Shameful secrets bother us more than guilty secrets

Everyone has secrets, but what causes someone to think about them over and over again? People who feel shame about a secret, as opposed to guilt, are more likely to be consumed by thoughts of what they are hiding, according to research published by the American Psychological Association.

"Almost everyone keeps secrets, and they may be harmful to our well-being, our relationships and our health," said Michael L. Slepian, PhD, of Columbia University and lead author of the study. "How secrecy brings such harm, however, is highly understudied."

The study was published in the journal Emotion.

Slepian and his colleagues surveyed 1,000 participants asking a series of questions about secrets they had and how much shame and guilt they associated with those secrets. Participants were asked questions designed to measure shame (e.g., "I am worthless and small") and guilt (e.g., "I feel remorse and regret about something I have done"). Participants also reported the number of times they thought about their secret and concealed it each day during the prior month.

"We examined shame and guilt, the two most highly studied self-conscious emotions," Slepian said. "Unlike basic emotions, such as anger and fear, which refer to something outside of oneself, shame and guilt center on the self."

People who reported feeling shame thought about their secrets significantly more often than people who reported feeling guilty or those who felt no shame or guilt about their secret. The authors also found that neither guilt nor shame predicted concealment of secrets.

"Hiding a secret is largely driven by how often a person is having a conversation related to the secret with the person whom he or she is hiding it from, not how he or she feels about the secret," Slepian said.

When a person felt shame about the secret, he or she felt small, worthless or powerless, while guilt made an individual feel remorse, tension or regret. Secrets about one's mental health, a prior traumatic experience or unhappiness with one's physical appearance tended to evoke more shame, according to Slepian, whereas hurting another person, lying to someone or violating someone's trust induced more guilt.

Feeling regret did not cause a person to think repeatedly about a secret in the same way that feeling powerless did, Slepian concluded.

People should not be so hard on themselves when thinking about their secrets, the researchers said.

"If the secret feels burdensome, try not to take it personally but recognize instead that it reflects on your behavior, and you can change that," Slepian said. "Guilt focuses people on what to do next and so shifting away from shame toward guilt should help people better cope with their secrets and move forward."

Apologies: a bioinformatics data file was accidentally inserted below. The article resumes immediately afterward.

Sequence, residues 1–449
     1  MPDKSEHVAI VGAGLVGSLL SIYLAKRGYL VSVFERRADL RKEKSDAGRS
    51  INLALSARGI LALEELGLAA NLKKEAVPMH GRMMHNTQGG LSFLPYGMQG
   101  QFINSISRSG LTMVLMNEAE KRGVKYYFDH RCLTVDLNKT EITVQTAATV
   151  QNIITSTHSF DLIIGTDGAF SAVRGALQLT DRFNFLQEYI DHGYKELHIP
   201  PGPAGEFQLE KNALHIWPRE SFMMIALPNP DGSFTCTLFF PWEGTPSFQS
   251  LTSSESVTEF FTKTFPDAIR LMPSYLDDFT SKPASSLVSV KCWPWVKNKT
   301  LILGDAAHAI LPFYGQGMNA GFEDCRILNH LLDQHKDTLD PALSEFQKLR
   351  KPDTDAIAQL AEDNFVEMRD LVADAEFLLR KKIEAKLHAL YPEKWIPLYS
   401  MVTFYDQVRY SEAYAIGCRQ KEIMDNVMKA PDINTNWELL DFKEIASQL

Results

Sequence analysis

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Materials provided by American Psychological Association. Note: Content may be edited for style and length.

Love hormone is released during crises

When you notice your partner is less interested than you are, your brain may send out a hormone that can help you fix the relationship.

Oxytocin is often called the "love hormone" or "cuddle chemical," but American and Norwegian researchers have found out that it may as well be called a "crisis hormone."

"When people notice that their partner is showing less interest in their relationship than they are, the level of this relationship-building hormone increases," says Andreas Aarseth Kristoffersen, a research assistant in NTNU's Department of psychology.

The hormone oxytocin has long been associated with relationships in several different ways. Oxytocin has a great reputation, because it is thought that it can make us feel better by reducing anxiety and making us feel more generous. Our brain secretes it during orgasm. It also influences the relationship between mother and child.

But it's not all cuddling and love.

Two -- or more -- possibilities

"Two main theories exist. Some scientists believe that oxytocin is released primarily to enhance a relationship and make it stronger when you're with someone you love," says Aarseth Kristoffersen.

But others believe that oxytocin levels increase primarily when we find ourselves in difficult or even threatening situations. In those cases, the hormone helps us seek out new social relationships.

However it may not just be either-or.

Hormone increases in good and bad times